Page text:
The Guide to South African Higher Education | 18th Edition

Higher Education in Context

South Africa – A Regional Higher Education Internationalisation Hub in Transformation

By Dr Nico Jooste and Mr Cornelius Hagenmeier (University of the Free State) – African Centre for Higher Education Internationalisation (AfriC)

This article argues that the South African Higher Education system can be characterised as a regional Higher Education internationalisation hub. Presently, it is transforming from a hub for undergraduate education into that of postgraduate education, and more specifically, doctoral education. From the day the country attained its democracy until 2011, it gained increasing prominence for undergraduate university education. In 2012, the sector saw the beginning of the slow decline in undergraduate student numbers and the increase in post-graduate student numbers, with these numbers gaining significant growth over the years, particularly in doctoral student numbers. This also resulted in the steady growth of the overall number of international students in South Africa. A new method of data evaluation allowed the authors to dissect the international student data utilising various indicators, including the level of study.

A new method of data evaluation allowed the authors to dissect the international student data utilising various indicators, including the level of study.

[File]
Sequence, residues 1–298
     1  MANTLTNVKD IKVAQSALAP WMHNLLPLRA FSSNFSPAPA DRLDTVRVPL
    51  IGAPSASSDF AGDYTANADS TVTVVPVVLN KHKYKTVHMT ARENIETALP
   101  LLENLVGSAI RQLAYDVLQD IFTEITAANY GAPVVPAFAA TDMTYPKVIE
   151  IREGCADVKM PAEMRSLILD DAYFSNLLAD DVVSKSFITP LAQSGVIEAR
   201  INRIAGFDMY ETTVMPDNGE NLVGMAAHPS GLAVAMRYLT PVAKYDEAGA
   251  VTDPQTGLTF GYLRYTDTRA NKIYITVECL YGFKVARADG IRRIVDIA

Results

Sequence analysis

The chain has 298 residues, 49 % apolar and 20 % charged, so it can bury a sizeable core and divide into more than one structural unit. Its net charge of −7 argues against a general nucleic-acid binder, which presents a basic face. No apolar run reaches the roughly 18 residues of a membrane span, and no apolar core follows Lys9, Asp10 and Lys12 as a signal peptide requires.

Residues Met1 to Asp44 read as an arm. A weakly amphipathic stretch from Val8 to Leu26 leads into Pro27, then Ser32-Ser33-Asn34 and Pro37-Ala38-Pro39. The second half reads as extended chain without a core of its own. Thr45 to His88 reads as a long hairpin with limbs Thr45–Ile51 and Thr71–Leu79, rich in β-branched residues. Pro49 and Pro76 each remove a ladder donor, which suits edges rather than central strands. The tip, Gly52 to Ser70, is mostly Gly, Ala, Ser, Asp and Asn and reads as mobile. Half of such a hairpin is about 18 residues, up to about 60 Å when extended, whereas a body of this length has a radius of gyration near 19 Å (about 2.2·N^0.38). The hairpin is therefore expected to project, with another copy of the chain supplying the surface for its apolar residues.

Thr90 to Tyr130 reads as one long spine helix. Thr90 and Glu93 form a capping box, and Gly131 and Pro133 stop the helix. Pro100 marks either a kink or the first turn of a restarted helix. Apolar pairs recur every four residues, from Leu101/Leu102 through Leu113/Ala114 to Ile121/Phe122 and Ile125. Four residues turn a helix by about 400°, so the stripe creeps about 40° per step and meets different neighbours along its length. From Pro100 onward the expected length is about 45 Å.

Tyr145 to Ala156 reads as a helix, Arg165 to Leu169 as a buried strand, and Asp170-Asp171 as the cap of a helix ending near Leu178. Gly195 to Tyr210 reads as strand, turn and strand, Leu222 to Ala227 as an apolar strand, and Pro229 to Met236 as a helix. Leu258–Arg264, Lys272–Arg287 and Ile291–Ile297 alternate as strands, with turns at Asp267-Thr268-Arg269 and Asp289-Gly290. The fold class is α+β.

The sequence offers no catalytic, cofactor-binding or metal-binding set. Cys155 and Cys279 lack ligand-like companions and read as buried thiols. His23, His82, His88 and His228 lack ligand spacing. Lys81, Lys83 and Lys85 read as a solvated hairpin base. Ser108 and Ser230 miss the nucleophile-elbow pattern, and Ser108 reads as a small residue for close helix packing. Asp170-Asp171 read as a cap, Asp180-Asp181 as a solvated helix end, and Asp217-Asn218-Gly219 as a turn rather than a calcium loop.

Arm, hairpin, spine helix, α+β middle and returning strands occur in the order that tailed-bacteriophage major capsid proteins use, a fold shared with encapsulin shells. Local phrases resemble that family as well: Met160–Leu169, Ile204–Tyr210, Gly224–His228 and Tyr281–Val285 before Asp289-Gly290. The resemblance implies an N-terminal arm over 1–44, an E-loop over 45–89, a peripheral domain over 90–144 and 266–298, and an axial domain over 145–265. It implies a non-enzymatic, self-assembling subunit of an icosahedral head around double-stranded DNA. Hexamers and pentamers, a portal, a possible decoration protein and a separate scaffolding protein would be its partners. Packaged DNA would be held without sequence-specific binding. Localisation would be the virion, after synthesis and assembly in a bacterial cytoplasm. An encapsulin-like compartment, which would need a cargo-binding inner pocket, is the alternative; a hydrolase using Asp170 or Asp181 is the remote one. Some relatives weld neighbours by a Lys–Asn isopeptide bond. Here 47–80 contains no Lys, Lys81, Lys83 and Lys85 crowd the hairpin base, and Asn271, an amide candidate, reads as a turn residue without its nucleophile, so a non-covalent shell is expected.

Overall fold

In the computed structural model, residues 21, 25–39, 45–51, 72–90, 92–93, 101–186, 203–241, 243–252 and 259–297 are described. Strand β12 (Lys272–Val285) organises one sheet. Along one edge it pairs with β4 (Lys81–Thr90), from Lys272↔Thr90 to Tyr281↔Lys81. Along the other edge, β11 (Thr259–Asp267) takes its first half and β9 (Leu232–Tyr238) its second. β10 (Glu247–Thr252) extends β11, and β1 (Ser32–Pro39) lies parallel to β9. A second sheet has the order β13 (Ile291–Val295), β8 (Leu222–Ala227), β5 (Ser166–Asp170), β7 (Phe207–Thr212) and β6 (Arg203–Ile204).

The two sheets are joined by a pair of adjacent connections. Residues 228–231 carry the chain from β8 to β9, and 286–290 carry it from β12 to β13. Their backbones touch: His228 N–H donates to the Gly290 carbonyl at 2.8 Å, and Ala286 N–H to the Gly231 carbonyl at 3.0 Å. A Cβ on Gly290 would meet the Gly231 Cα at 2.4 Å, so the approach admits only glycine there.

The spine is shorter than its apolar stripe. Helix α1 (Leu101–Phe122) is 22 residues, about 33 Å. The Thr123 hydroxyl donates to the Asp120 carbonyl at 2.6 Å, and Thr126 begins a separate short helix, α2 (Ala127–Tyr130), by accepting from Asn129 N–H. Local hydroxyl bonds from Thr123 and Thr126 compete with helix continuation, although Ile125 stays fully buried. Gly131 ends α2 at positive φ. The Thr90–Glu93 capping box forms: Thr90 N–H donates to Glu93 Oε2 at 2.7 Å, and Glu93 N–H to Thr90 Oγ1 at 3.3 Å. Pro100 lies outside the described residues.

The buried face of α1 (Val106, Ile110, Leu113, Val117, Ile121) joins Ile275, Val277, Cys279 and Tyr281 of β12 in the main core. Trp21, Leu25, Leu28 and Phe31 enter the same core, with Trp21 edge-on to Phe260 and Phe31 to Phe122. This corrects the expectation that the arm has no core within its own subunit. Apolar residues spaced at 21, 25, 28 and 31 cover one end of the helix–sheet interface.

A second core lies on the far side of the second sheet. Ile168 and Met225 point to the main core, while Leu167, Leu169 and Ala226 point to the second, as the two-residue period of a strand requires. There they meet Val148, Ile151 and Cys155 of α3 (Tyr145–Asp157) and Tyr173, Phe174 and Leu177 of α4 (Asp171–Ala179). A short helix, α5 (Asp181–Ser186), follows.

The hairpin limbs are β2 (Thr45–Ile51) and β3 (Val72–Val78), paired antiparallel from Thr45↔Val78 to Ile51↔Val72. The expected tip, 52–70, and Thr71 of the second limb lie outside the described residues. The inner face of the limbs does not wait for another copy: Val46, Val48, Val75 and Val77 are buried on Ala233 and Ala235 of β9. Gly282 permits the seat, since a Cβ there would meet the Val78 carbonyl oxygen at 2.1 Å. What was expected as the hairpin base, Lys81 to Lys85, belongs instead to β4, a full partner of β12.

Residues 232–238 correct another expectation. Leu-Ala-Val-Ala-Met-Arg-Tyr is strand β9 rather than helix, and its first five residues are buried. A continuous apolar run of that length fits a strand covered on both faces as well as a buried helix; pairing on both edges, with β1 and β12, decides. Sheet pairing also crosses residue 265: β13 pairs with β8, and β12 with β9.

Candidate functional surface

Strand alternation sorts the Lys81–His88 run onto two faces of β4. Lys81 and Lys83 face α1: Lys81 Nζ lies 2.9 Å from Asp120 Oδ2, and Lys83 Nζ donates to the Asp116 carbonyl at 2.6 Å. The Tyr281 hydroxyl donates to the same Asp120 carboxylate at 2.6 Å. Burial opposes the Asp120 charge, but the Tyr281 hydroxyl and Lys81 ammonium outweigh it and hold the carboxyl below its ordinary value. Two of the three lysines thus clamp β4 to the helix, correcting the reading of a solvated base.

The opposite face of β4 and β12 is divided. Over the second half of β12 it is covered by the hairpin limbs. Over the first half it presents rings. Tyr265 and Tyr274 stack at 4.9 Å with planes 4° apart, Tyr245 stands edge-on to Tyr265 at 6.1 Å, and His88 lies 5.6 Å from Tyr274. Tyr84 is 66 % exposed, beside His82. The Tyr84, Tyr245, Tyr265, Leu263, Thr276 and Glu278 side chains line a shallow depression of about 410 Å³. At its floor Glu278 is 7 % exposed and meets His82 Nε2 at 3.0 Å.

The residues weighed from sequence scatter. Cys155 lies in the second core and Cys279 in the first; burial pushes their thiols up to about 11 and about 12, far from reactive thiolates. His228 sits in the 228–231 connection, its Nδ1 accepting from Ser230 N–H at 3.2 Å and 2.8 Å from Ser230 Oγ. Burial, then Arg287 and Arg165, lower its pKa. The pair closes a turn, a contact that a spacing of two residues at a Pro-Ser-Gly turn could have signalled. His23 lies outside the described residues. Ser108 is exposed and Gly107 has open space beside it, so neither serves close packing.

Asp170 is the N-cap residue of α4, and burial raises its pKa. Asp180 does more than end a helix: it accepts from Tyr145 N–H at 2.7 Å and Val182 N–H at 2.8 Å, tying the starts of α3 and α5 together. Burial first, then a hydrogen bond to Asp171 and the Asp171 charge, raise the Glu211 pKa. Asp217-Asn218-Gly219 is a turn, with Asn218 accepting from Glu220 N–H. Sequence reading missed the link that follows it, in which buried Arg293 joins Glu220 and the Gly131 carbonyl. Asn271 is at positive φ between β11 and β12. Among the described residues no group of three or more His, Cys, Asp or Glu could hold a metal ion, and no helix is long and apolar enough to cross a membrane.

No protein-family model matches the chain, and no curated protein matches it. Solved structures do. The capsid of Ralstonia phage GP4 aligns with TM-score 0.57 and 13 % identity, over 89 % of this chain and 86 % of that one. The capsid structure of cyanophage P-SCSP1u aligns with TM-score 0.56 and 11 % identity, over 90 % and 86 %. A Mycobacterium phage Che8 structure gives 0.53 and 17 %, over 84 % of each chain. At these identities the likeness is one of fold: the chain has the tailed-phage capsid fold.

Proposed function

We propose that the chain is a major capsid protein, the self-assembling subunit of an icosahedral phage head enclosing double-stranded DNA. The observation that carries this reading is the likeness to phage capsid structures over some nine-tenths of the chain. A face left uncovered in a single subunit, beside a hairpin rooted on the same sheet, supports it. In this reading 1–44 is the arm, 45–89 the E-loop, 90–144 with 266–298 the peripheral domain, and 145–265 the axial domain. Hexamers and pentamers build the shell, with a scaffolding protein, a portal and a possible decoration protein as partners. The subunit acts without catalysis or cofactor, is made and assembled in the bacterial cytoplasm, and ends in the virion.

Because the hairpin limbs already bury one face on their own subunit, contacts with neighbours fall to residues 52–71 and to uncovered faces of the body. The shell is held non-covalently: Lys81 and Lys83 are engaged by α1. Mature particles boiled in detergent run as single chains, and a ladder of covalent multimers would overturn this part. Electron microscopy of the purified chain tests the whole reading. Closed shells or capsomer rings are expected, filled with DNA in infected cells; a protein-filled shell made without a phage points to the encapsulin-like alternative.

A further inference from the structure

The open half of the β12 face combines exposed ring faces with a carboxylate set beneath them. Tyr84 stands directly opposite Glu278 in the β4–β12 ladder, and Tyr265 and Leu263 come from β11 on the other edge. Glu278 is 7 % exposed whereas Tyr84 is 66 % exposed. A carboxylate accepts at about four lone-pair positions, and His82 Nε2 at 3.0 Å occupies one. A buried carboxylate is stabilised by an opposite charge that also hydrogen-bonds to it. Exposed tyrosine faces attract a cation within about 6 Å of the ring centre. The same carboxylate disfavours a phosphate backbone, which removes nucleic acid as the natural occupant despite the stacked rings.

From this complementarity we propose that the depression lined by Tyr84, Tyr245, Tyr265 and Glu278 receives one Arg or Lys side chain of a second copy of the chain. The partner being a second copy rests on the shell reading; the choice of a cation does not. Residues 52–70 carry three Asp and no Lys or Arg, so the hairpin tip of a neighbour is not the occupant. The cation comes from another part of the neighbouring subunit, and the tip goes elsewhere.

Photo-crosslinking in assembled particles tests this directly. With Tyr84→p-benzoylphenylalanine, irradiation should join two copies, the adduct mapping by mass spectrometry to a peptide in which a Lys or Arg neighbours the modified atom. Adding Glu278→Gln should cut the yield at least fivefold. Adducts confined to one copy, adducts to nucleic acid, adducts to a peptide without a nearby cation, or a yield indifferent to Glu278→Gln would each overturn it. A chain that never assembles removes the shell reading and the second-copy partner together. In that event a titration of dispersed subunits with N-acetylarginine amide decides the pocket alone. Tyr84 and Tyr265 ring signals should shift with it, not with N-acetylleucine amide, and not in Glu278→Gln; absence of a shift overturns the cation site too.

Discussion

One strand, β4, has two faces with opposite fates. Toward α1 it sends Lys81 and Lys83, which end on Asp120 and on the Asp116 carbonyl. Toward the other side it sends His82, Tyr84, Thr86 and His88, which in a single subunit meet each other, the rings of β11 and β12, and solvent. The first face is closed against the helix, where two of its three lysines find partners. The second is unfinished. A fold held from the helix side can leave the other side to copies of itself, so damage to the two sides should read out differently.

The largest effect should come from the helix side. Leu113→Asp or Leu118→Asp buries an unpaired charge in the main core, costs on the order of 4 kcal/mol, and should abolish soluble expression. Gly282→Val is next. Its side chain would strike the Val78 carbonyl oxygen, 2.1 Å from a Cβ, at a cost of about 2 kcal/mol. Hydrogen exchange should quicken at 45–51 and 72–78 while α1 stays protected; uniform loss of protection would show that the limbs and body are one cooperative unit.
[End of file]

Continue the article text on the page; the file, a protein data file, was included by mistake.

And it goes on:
It introduces internationalisation, regionalism and academic hubs and delves further into the ideas that support these concepts. Cohen (2001) posits an entropy-based explanation of the evolution of regional integration. In this theory, regional groupings occur systematically and come together for political, economic and cultural reasons.

The article further illustrates how South Africa developed as an education hub differently to Knight’s conceptualisation. The country has evolved, since 1994, into a regional hub responding to the needs of the Southern African Development Community (SADC) and emerging as a driver for doctoral education in the SADC region. The vision for regional integration and educational cross-fertilisation in Higher Education in the SADC region is set out in the 1997 SADC Protocol on Education and Training, which acknowledges that ‘no SADC Member State can alone offer world quality education and training programmes at an affordable cost and on a sustainable basis' and is ‘mindful of the fact that programmes of human resource development, utilisation and increased productivity must have both national and regional dimensions' (Preamble to the SADC Protocol). It further outlines Article 8 of the Protocol, which states the consideration for cooperation in Higher Education, followed by South Africa's response to this Protocol which features—a detailed analysis of the SADC students studying in South Africa.

It delves into a detailed analysis of the SADC students studying in South Africa, other factors influencing student mobility, graduate numbers, South Africa and the SADC Higher Education, Technical and Vocational Education and Training (TVET) as well as taking a glance at the entire South African Higher Education space.

The international distance education students studying in at South African universities, is also explored.

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